2010 - Ongoing
What would you take with you?
What is left behind?
What We Carried: Fragments and Memories from Iraq and Syria
What We Carried: Fragments and Memories from Iraq and Syria is an ongoing collaborative photography and (participant) writing, storytelling project with Iraqi and Syrian refugees who have fled their homeland because of war.
I asked participants to let me photograph those few items that they were able carry on their long and dangerous journey to America. Those journeys can take years, refugee camps, multiple countries, and sometimes a few bribes. The carried objects ranged from a family photo, a doll, a Qur’an, a game of dominoes. I photograph the object and then returned a 13″ x 19″ archival photographic print of the object to its owner to provide personal reflections by writing directly onto the photograph. This process allows the participant to tell their own story, in their own language, in their own hand.
The stories speak to much more than the object. The luminous inner life of these ordinary things are a testament to the unspeakable anguish of a life left forever behind. Ordinary objects become sacred objects.
More than 2.6 million Iraqis have been forced from their homes but remain inside of the country. 220,000 are refugees in other countries. There are also 300,000 refugees in Iraq from neighboring countries – the vast majority escaping violence and persecution in Syria. (UNHCR)
Travel bans have reduced the numbers of Syrians admitted to the U.S.
In 2016 the U.S. resettled 15,479 Syrian refugees. In 2017, the U.S. let in 3,024.
In 2018, only 11 Syrian refugees were admitted to the U.S. (U.S. State Department)
In 2010 I began working on What We Carried after finishing my book about returning U.S. soldiers from Iraq and Afghanistan called Exit Wounds: Soldiers’ Stories – Life After Iraq and Afghanistan.
When I began interviewing returning veterans in 2007, I interviewed an Iraqi woman living in Portland, Oregon. I asked her what she the thought about the U.S. invasion of Iraq in 2003, she said, “I thank America for removing Saddam Hussein, but did you have to destroy my entire country to do it?” The simple power of that statement demanded a new project. I felt we needed to hear from those affected by our wars.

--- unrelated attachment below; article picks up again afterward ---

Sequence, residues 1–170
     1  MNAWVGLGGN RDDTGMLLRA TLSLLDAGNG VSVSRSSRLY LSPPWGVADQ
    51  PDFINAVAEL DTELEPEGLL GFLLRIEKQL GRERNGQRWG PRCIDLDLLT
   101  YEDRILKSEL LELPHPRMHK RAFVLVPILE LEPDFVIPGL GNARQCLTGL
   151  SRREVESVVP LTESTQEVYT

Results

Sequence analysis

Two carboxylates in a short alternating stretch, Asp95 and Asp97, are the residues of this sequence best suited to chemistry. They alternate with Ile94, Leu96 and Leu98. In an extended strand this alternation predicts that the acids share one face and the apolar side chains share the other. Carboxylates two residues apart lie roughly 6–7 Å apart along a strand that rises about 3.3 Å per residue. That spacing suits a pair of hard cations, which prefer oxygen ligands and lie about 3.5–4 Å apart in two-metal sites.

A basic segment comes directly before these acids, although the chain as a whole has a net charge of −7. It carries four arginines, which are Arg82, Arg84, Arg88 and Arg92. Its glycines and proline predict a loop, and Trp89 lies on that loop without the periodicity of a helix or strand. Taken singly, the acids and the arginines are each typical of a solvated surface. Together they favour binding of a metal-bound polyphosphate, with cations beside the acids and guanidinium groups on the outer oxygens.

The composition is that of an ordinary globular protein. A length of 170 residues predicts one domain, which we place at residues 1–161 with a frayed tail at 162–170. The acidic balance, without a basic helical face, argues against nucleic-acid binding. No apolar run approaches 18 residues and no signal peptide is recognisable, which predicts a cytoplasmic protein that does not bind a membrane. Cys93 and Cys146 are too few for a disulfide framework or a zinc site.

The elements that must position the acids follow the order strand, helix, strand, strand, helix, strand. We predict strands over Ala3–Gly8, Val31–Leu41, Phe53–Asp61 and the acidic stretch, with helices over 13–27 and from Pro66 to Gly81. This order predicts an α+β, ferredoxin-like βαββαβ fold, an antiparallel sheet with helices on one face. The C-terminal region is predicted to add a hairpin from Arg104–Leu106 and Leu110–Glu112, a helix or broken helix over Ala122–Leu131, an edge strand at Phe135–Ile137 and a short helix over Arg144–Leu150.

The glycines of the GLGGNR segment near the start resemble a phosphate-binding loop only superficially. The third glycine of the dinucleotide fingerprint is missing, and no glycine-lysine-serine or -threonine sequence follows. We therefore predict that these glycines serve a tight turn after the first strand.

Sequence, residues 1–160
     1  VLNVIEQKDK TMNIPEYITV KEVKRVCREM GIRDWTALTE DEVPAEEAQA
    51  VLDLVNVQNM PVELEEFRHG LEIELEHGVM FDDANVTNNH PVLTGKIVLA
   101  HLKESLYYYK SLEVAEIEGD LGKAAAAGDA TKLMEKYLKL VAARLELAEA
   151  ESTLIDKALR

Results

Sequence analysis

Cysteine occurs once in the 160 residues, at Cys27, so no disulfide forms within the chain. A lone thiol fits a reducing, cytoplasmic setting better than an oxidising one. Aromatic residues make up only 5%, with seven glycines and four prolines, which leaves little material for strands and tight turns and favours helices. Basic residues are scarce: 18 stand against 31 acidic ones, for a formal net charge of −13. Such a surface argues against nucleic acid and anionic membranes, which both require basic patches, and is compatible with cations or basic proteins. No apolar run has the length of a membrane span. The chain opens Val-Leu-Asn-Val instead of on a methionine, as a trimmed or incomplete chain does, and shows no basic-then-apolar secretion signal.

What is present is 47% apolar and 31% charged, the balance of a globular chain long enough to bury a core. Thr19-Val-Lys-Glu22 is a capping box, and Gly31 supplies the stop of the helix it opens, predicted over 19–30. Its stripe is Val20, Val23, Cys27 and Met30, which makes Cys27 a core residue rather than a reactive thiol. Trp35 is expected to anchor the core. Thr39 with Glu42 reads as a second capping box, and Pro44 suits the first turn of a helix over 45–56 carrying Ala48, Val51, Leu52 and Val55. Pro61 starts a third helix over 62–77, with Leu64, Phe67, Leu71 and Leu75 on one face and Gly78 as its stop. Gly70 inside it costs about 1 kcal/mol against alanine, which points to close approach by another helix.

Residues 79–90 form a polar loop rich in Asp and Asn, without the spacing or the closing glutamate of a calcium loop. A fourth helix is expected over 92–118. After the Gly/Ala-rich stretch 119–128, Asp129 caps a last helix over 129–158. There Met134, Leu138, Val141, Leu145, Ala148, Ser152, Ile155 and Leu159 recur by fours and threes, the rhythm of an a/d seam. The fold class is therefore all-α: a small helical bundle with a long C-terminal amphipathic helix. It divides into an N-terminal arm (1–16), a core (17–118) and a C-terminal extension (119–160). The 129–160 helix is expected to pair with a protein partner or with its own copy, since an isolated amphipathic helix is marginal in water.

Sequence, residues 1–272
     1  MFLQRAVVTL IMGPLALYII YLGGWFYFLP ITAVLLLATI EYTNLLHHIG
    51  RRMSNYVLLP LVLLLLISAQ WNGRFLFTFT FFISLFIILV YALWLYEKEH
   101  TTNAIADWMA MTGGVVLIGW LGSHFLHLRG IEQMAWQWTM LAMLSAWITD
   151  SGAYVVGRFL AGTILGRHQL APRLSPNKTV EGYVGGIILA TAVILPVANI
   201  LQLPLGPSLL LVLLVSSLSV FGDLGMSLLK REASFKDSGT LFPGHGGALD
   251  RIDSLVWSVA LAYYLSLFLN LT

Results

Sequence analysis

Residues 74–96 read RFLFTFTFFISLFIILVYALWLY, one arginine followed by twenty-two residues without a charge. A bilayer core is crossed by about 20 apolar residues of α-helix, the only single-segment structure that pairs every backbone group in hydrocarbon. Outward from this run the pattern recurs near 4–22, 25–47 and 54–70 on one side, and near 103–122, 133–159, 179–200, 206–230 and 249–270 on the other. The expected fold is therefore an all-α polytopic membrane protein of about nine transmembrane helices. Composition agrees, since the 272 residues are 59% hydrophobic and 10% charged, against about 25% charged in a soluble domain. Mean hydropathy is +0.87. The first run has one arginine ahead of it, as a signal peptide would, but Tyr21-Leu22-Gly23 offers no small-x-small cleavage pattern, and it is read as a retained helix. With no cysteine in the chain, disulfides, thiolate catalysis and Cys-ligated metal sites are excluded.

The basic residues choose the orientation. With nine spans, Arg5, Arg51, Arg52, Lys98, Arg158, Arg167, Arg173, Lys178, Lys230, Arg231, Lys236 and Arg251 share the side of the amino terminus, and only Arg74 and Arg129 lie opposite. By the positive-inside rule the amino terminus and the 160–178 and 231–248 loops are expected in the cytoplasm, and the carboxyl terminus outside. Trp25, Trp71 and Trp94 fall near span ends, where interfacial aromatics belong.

Refugees often flee under the cover of darkness, sometimes with a kid under each arm, with a few practical items, and a memento to remember the lives that they are leaving behind, possibly forever. These often ordinary items are the only physical evidence of their former lives that they have left.
When exhibited or published all photographs include translation. I hope viewers of these collaborative photo/writings will imagine themselves making decisions about what they would gather before leaving their homes forever. The next realization is, what are they be leaving behind? Friends, schools, jobs, language, culture, and history. What We Carried is a bridge building project to illustrate our common humanity.
What We Carried: Fragments and Memories from Iraq and Syria has traveled to Chicago, Houston, Los Angeles, Portland, Dearborn, Detroit, Atlanta, Seneca Falls, NY, and Cleveland thanks to The Arab American National Museum in Dearborn, Michigan. We often create new work with the local community and add to the exhibition. Next stop: THE ELLIS ISLAND NATIONAL MUSEUM: May 28 - September 3, 2019. A half a million visitors will see the exhibition.
The hands-on photo/writing storytelling approach draws media attention because What We Carried is a different kind of storytelling. I have done NPR interviews, local, national, and international TV interviews about What We Carried. Refugees need to tell their stories and we need to hear them.
I will continue to work with more communities of refugees and expand What We Carried. I recently completed a similar project with Holocaust and genocide survivors using the same photo /writing approach.
To read the English translations of the Arabic writing please click on this What We Carried blog: https://whatwecarried.com/
Thank you for your consideration,